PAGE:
Rachel started her career as a Customer Success Manager bright-eyed and hopeful.
Then the accounts kept coming. And the hours got longer. And the “must-do” list outpaced the “nice-to-do” list. Those bright eyes? They got a bit dull.
Many CSMs like Rachel say the No. 1 challenge they face is having to take a reactive approach to customers — with the majority of organizations having CSMs covering 16-200 accounts per person. This constant firefighting takes its toll, often in the form of CSM burnout.
Here’s how you can prevent that from happening:
1. Set boundaries
One of the most significant ways you can protect your mental health at work is to set boundaries. It’s tempting to answer one quick customer message on the weekend, after all, but that can set a precedent.
Choose your work hours. Set a plan for handling off-hour requests. And if a lingering notification is too tempting, consider shutting notifications off outside of work hours.
2. Batch your work
Customer Success is a balance between harmony and chaos. In an operations role, you can’t always rely on schedules when apps break or fires rage.
But do know this: Context switching is a major time suck. Research has found that switching between tasks can cost up to 40% of someone’s productive time.
List everything you typically do. Consider using systems such as the Pomodoro Technique to stay on point. Many apps are available for this.
3. Prioritize your work
Depending on how many accounts you handle, it might be impossible to communicate with everyone within your work limits.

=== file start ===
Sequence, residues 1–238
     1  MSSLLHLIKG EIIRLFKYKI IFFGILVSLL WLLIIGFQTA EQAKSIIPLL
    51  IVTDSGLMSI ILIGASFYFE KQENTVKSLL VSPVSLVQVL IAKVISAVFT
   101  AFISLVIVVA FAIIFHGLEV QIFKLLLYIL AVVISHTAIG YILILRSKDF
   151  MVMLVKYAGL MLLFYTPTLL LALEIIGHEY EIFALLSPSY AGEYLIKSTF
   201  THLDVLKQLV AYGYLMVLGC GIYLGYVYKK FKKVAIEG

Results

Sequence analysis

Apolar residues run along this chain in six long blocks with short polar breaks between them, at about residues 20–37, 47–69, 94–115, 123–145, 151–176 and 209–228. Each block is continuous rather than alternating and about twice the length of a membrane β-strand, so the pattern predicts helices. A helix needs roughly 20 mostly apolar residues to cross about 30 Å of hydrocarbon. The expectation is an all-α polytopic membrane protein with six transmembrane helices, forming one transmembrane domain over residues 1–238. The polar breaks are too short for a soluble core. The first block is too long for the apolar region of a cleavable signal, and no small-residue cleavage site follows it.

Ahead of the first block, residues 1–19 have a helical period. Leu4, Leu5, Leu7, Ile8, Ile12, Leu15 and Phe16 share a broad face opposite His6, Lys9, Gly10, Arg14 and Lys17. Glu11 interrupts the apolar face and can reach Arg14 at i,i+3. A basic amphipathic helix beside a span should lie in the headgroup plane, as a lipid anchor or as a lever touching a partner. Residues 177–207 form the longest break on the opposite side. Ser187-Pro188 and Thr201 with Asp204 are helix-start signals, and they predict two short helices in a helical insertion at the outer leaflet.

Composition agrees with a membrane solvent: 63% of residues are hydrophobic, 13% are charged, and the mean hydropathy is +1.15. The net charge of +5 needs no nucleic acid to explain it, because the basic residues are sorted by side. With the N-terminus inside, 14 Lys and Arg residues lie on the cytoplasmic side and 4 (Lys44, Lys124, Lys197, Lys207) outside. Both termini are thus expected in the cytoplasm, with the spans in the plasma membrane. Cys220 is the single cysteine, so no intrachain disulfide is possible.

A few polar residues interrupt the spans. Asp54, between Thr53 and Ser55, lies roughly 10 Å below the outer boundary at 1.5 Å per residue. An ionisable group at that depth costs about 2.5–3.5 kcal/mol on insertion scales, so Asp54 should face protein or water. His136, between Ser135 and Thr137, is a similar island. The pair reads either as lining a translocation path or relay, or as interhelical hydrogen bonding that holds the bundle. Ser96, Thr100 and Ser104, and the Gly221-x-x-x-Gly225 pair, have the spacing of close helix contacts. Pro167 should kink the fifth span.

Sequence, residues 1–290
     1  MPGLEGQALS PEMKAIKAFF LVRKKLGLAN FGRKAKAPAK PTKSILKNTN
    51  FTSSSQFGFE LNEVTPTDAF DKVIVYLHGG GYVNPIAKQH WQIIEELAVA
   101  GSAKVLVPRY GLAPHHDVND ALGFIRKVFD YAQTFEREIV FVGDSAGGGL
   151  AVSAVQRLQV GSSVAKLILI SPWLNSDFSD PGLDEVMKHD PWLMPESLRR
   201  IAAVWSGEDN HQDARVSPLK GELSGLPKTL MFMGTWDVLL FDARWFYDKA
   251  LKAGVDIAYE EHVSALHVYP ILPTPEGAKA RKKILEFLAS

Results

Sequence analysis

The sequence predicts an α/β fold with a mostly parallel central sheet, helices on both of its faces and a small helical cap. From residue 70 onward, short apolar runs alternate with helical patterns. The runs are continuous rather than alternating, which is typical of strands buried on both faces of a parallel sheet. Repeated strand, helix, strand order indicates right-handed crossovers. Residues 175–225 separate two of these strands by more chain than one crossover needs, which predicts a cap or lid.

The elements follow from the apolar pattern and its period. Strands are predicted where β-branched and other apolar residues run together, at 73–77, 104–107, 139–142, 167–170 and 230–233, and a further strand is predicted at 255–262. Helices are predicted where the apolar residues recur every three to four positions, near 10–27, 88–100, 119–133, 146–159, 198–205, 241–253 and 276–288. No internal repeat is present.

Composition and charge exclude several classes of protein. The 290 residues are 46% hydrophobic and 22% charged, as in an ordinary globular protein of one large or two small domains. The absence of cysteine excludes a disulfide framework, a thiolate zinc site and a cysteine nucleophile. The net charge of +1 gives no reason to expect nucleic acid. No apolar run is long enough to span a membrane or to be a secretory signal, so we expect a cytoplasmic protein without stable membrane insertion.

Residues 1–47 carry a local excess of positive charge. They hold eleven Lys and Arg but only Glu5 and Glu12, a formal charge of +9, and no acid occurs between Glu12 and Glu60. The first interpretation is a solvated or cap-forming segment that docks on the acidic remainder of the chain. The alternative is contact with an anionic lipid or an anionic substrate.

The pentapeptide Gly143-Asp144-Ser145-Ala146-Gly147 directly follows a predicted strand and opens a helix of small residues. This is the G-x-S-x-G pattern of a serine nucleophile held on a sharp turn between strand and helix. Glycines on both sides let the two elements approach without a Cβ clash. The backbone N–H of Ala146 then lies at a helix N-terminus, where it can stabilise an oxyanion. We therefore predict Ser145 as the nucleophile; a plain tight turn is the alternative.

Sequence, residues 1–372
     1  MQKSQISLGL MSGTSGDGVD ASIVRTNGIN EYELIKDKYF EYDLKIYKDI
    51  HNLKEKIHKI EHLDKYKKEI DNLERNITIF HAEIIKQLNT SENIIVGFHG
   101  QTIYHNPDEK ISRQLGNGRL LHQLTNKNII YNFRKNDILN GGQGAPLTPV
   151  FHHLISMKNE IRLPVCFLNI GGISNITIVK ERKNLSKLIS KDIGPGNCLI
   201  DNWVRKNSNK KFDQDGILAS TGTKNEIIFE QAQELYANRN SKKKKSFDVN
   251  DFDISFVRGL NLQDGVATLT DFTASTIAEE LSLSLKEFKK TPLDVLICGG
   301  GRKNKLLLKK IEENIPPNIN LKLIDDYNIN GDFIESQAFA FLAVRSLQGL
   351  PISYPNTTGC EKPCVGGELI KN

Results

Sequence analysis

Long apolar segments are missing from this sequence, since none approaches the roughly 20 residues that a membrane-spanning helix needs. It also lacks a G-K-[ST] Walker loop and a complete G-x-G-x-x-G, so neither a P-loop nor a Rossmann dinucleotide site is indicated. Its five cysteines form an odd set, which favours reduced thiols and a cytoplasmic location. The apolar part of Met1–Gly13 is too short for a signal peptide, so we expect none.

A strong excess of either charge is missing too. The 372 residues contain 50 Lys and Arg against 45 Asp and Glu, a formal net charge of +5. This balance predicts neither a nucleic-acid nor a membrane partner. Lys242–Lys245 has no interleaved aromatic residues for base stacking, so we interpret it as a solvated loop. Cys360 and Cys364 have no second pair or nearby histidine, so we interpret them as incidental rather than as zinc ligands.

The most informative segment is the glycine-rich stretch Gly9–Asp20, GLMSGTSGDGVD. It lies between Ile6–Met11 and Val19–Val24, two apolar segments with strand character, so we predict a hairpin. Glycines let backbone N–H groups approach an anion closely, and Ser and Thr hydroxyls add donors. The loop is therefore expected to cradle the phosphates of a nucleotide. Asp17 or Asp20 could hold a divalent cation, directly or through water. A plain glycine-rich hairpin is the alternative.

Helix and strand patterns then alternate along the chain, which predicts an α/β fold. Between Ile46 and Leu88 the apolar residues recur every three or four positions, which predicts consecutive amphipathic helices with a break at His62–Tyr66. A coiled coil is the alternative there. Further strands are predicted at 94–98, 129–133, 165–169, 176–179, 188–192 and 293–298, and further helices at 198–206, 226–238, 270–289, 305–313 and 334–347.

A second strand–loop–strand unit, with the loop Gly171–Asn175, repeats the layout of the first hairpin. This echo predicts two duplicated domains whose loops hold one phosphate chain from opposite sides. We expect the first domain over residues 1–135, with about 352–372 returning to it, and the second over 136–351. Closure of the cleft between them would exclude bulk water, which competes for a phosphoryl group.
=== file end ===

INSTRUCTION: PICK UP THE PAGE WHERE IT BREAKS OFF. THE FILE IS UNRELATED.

That’s why you need to prioritize. This is where tools such as customer health scores come in handy.
In addition, have you heard of eating the frog? This technique focuses on you accomplishing your least desirable task early to get it out of the way.
4. Communicate with numbers
If you’ve been here before, you’ll know alignment between customer success and product teams is critical. CS should be embedded in the entire organization.
To make the most of this partnership, set up times for discussions.
But also know that product managers are human just like the rest of us. Use stats like health scores and let the numbers speak for themselves to avoid making anything personal.
According to the 2019 Customer Success + Product Management Alignment Report, 31% of CS + PM teams meet weekly and 13% meet daily.
5. Know thyself
Another way to optimize your workday is to learn when you do your best work. Is it easier to focus on emails in the morning? Or are you more energized by analyzing data when you first sit down?
Setting up your schedule to match your energy levels and interests can make your to-do list feel less like pulling teeth.
6. Conduct reviews
Seventy percent of employees feel that their bosses aren’t doing enough to prevent burnout.
Communication is critical for ensuring that all team members and departments can do their best work.
Simply taking the time to talk to departments about how they’re feeling and what roadblocks they’re experiencing can help you spot problems before they get out of hand.
7. Connect goals to company success
While your workload impacts burnout, your goals — or lack thereof — can also leave you feeling disengaged. Without clear goals or a way to track them, you may ask yourself what the point of all your hard work was.
Need help making sense of your strategies and goals? We’ve got helpful downloads across the customer journey here.